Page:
Most of the calving occurs in early fall due to natural conception delays caused by late summer heat and humidity. All calves are treated for prevention of coccidiosis and respiratory problems that occur with temperature changes. Calves are housed in hutches and then group pens of 20 to 30 per pen until they reach four months of age. At that point they are fed a TMR blend.


Cows at Larson Dairy Inc. are bred for a good udder, good feet and legs and longevity with less concern about pounds per lactation.

Larson selects the bulls to be used and the breeder then chooses from that pool for each mating. Some of the dairies are utilizing the mating program from ABS of which they’ve been a customer for over 50 years.

A few years ago they started using Jersey semen and then Holstein/Jersey cross. Now they use sexed semen on their heifers.

In the cooler part of the year, especially December and January, synch programs are used heavily on the herd. Summer breeding typically results in single-digit pregnancy and conception rates, reported Jim Umphrey, district sales manager and technical service consultant for ABS Global, Inc.

“If they’re not bred by May 15, it’s not going to happen until November,” Umphrey said.

Environmental challenges
In 1986, environmental restrictions were placed on the dairies as the state and federal governments stepped in to protect Lake Okeechobee. Located north of the Everglades and south of the dairies, it is the second largest freshwater lake in the U.S. and the backup drinking water supply for the state of Florida, Larson said.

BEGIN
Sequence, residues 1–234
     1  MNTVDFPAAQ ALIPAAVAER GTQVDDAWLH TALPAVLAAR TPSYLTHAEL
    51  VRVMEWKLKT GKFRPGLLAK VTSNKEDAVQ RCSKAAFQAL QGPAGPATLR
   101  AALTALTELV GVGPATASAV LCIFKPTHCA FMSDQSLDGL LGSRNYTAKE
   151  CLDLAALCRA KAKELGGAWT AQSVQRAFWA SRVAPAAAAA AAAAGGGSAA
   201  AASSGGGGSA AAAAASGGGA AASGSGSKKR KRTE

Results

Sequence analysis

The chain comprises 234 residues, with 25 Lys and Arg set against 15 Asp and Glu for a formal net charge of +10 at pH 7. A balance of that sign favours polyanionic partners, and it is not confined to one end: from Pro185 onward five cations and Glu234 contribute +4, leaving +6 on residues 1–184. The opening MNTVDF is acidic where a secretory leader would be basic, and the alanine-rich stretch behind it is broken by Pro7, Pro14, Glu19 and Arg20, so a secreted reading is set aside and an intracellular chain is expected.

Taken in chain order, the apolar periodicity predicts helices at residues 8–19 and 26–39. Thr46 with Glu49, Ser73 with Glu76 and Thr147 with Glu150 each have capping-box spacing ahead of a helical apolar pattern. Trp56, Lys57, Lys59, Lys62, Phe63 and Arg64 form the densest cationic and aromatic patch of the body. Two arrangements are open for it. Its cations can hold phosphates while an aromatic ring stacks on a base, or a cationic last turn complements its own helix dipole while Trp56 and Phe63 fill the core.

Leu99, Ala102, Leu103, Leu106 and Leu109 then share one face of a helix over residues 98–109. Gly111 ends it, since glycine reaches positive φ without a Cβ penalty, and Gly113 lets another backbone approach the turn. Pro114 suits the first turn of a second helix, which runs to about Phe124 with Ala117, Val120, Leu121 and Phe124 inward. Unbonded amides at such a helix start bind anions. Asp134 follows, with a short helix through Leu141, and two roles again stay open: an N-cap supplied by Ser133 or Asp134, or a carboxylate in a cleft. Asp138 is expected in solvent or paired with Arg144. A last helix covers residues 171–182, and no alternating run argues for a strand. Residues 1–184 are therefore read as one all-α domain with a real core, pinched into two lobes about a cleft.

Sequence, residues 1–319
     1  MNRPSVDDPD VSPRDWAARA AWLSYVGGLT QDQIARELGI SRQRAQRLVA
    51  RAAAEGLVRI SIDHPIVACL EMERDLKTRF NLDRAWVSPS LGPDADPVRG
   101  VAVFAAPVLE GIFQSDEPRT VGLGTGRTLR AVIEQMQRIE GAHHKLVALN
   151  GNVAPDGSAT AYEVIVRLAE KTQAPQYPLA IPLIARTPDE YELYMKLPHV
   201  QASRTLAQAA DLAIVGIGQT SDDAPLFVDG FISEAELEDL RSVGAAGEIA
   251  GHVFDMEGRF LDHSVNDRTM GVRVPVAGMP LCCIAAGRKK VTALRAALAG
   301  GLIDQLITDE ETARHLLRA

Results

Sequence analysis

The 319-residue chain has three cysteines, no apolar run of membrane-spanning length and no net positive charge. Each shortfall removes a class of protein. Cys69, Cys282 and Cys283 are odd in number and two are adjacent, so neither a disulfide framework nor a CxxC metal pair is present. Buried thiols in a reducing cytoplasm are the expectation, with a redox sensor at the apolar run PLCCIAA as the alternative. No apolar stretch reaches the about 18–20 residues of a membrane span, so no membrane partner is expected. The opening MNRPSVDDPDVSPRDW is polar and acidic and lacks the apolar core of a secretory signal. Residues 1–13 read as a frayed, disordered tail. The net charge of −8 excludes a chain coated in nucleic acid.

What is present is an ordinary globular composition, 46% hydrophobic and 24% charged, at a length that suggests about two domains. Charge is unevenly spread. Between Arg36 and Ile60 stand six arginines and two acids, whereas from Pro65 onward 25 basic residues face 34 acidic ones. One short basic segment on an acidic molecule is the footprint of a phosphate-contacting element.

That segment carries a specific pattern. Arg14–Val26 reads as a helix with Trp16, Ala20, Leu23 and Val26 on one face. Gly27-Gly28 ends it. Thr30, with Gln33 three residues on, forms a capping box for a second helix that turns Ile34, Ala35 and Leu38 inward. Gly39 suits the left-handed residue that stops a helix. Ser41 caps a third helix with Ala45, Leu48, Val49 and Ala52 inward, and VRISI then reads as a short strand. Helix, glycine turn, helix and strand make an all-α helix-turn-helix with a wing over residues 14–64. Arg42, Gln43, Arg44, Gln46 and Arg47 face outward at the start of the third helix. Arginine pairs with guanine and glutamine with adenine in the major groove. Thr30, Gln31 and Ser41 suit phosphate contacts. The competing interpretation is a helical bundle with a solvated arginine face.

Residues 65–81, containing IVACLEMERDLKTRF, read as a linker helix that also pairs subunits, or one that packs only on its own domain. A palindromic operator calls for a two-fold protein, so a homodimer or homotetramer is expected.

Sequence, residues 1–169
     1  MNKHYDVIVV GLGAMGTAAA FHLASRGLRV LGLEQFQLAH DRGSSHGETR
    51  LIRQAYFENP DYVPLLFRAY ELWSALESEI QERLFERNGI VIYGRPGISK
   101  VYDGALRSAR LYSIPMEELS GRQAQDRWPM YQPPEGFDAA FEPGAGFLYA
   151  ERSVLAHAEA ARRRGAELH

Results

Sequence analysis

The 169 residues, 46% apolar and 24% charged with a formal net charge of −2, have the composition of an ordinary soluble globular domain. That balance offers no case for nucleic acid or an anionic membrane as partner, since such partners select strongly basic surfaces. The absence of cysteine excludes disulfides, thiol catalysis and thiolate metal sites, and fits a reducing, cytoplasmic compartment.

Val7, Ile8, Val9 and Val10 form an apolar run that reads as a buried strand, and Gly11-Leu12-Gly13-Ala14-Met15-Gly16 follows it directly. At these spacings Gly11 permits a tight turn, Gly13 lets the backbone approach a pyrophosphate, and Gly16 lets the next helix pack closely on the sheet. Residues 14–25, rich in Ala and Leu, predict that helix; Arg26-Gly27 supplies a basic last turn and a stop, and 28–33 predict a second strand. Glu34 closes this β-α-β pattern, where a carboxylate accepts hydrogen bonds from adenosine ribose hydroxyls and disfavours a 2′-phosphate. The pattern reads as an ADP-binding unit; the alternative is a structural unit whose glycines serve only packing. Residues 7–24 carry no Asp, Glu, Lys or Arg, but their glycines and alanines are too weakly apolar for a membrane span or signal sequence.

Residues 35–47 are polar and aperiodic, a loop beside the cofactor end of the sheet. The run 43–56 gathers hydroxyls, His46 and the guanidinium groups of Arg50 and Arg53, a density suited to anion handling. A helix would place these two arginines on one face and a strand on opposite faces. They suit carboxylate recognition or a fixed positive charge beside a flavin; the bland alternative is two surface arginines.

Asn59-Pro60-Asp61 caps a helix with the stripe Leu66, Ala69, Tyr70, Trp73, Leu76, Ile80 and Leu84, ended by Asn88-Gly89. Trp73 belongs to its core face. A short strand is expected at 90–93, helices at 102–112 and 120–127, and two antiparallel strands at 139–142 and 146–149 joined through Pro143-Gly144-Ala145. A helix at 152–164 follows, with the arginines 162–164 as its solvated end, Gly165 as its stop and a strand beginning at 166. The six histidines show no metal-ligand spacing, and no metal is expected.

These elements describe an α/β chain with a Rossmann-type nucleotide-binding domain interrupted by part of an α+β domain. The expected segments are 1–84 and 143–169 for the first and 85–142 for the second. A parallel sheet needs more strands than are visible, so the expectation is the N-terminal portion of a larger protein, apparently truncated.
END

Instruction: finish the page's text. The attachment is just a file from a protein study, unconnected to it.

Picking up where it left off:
“The problem was phosphorus,” Larson said. “Nitrogen is not a problem. It’s one of concern, but not a major problem.”

In addition, there is a bedrock pan six to eight feet under the soil that stops water absorption at a shallow level.

To handle Florida’s Dairy Rule and the restrictions it placed on the farms, Larson appointed Jim Green, who had previously been in charge of cutting the grass for the dairies.

Green explained that each of the dairies have a three-stage lagoon. At the dairy visited by those at Managers Academy, manure is captured in the first-stage lagoon after a gravity flow sand separator captures and recycles 80 to 90 percent of the sand. Gravity moves the liquids from one stage to the next, and liquid from the final lagoon is recycled to flush the barns or irrigated on the fields with a center point pivot.